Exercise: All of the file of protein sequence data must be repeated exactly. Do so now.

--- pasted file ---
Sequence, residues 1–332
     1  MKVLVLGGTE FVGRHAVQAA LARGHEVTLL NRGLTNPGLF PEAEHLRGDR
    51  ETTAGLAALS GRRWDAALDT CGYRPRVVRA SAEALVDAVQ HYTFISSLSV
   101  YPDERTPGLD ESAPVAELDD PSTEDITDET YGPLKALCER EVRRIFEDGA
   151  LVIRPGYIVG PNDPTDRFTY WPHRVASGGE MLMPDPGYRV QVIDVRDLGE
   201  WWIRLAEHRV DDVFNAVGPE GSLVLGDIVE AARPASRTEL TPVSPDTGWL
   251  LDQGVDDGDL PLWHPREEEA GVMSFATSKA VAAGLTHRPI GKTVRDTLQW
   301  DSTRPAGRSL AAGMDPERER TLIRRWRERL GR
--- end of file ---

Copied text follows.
Sequence, residues 1–332
     1  MKVLVLGGTE FVGRHAVQAA LARGHEVTLL NRGLTNPGLF PEAEHLRGDR
    51  ETTAGLAALS GRRWDAALDT CGYRPRVVRA SAEALVDAVQ HYTFISSLSV
   101  YPDERTPGLD ESAPVAELDD PSTEDITDET YGPLKALCER EVRRIFEDGA
   151  LVIRPGYIVG PNDPTDRFTY WPHRVASGGE MLMPDPGYRV QVIDVRDLGE
   201  WWIRLAEHRV DDVFNAVGPE GSLVLGDIVE AARPASRTEL TPVSPDTGWL
   251  LDQGVDDGDL PLWHPREEEA GVMSFATSKA VAAGLTHRPI GKTVRDTLQW
   301  DSTRPAGRSL AAGMDPERER TLIRRWRERL GR